English Majors and Journalists: You Are Not The 1%, And You Pretty Much Never Will Be

how to make money out of thin air by brian sher English Majors and Journalists: You Are Not The 1%, And You Pretty Much Never Will BeNew York City is one of the world’s gravitational centers for the media and publishing industries; this, of course, results in an inordinate concentration of English majors. News for up-and-coming English majors that already-graduated English majors are likely well-acquainted with: You’re not gonna make any money.

Or at least any capital-m Money.

The New York Times Economix blog posted the results of combing through the 2010 U.S. Census Bureau’s American Community Survey. The survey compiled individual income data against each respective polled person’s income. And guess who was at the bottom of the 25 most popular majors?

Well, that was actually “Miscellaneous Biology” majors, who are probably all P.E. teachers (no offense to our nation’s great physical education specialists). But right above them:

English majors. Specifically, “English Language and Literature.”

They were the second most popular majors: 1,938,988 of the respondents, exactly (the most popular major polled was actually Accounting, responded for to the tune of 2,296,601 undergrads).

Only 3.8% of the English majors were One Percenters; interestingly enough, only 3.8% of the One Percenters polled were English majors. Compare that to a degree like International Relations: 6.7% of those polled were One Percenters, but as only 146,781 respondents polled as International Relations majors, they accounted for only 0.5% of the One Percenters. But the Times did us the favor of noting the odds by profession of getting rich:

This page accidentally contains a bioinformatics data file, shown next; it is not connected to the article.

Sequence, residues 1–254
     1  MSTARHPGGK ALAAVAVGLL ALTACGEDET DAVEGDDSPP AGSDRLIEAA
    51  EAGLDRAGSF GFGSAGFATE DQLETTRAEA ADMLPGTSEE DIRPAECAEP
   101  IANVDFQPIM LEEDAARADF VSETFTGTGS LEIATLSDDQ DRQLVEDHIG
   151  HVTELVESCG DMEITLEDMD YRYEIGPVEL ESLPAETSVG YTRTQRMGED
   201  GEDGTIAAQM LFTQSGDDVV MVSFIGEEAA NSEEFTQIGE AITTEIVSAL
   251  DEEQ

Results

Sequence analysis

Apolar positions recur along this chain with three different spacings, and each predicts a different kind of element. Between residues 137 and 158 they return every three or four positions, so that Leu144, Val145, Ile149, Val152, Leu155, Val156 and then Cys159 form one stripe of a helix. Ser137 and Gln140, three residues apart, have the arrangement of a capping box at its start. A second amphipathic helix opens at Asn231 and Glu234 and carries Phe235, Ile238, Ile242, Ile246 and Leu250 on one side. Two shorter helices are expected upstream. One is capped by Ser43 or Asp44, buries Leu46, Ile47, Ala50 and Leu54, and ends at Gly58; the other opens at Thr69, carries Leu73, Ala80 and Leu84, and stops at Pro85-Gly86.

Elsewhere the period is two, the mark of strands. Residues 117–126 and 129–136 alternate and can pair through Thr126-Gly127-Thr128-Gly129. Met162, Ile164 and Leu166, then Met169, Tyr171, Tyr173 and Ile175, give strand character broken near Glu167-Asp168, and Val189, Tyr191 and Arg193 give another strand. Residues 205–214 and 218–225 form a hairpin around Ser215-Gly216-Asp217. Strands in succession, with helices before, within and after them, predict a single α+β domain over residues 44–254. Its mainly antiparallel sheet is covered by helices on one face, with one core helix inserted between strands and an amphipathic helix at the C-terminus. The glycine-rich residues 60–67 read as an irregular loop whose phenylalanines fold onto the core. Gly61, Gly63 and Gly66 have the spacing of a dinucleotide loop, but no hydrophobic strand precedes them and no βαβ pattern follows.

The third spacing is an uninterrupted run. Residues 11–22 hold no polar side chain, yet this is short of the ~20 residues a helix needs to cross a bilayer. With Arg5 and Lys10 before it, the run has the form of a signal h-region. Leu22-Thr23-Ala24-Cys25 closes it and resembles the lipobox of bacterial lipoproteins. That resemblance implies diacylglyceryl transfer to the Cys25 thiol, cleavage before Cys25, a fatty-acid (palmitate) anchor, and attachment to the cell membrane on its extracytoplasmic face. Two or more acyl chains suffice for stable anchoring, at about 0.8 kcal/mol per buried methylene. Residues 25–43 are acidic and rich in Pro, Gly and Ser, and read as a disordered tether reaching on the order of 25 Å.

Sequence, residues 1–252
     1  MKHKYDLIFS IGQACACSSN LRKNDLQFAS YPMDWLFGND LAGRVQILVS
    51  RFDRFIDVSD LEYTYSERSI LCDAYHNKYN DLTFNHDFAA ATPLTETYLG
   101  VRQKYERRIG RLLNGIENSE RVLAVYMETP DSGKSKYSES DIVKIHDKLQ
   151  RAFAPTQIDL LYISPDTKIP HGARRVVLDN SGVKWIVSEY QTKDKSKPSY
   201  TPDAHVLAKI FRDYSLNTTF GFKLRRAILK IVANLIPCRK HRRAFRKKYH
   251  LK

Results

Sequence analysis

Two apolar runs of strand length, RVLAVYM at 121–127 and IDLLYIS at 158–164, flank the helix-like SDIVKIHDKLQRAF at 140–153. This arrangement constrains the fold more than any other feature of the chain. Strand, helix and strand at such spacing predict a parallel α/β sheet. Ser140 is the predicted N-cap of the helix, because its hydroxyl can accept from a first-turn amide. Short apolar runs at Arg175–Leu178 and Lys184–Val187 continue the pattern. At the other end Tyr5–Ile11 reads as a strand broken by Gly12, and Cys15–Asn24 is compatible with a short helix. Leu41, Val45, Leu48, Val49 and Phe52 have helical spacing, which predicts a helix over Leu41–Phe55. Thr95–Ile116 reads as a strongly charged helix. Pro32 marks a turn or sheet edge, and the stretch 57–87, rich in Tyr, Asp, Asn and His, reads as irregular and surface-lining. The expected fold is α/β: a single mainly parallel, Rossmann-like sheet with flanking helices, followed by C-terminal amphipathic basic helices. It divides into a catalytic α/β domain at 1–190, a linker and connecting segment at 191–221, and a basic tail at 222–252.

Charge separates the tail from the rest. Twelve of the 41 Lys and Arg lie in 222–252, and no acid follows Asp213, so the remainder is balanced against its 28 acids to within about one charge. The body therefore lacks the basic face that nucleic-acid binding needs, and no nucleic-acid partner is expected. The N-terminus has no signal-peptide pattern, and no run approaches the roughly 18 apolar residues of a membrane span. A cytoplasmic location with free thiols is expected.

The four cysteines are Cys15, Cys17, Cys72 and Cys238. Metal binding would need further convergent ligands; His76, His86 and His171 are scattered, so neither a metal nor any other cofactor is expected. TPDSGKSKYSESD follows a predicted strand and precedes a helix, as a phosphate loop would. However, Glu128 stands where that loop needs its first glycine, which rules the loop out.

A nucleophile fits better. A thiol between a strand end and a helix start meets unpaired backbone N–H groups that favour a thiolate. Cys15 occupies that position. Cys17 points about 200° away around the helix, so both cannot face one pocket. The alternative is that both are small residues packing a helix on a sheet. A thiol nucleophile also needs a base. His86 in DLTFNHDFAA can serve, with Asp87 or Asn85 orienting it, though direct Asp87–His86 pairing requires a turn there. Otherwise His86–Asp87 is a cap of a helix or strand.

Newspaper writers and editors? One in 62.

Sounds about right, if actually quite generous. Might be time to decamp for the Golden State, as one in nine Hollywood screenwriters are one percenters, and one in fourteen television or radio writers are richer than everyone else, too. Next time the WGA goes on strike, you might want to keep in mind how healthy your reserve of empathy is.

The degree most likely to make you Rich People: Health and Medical Preparatory Programs, but only 142,345 polled graduated with Pre-Med degrees. They make up only 0.9% of Rich People Polled, which means it’s among the least likely for you to choose.

So where’s the money really at, then? Ask an economist. Literally. Economics majors were the sixth most popular among respondents, as they accounted for 5.4% of all the One Percenters polled. 8.2% of them were in the top 1% of earners, which means if you major in Economics and you’re the betting type, you basically have a 8:100 chance of becoming a Rich Economist.

Wonder what the people who write the New York Times Economix blog majored in (and/or how bitter they are that they abandoned their original calling).

What the Top 1% of Earners Majored In [NYT Economix]

fkamer@observer.com | @weareyourfek

Comments

  1. No link back to The Times? 

    1. Foster Kamer says:

      Third graf. Is it not working?

  2. Scott says:

    What about English majors who found the idea of writing full-time for themselves and/or working as an editor(ial assistant) at a publishing house impractical, only to find a salaried staff job for businesses that need copy, like, all the time?

    No? I guess I’m the 1% in that respect.

  3. Anonymous says:

    The art history majors must be old money. Am I right, kids?

  4. Guestofaguest1030 says:

     3.8% makes me hopeful.

  5. English-ey says:

    Old money, yes.  Could be the same with Classics majors.  At least the vast majority….

  6. Have you considered Speech majors who seem to determined is an excellent crafting full-time to get ourselves and/or performing for an editor(ial tool) in the establishing dwelling unlikely, exclusively to see a salaried team occupation to get enterprises that want clone, for instance, everyday?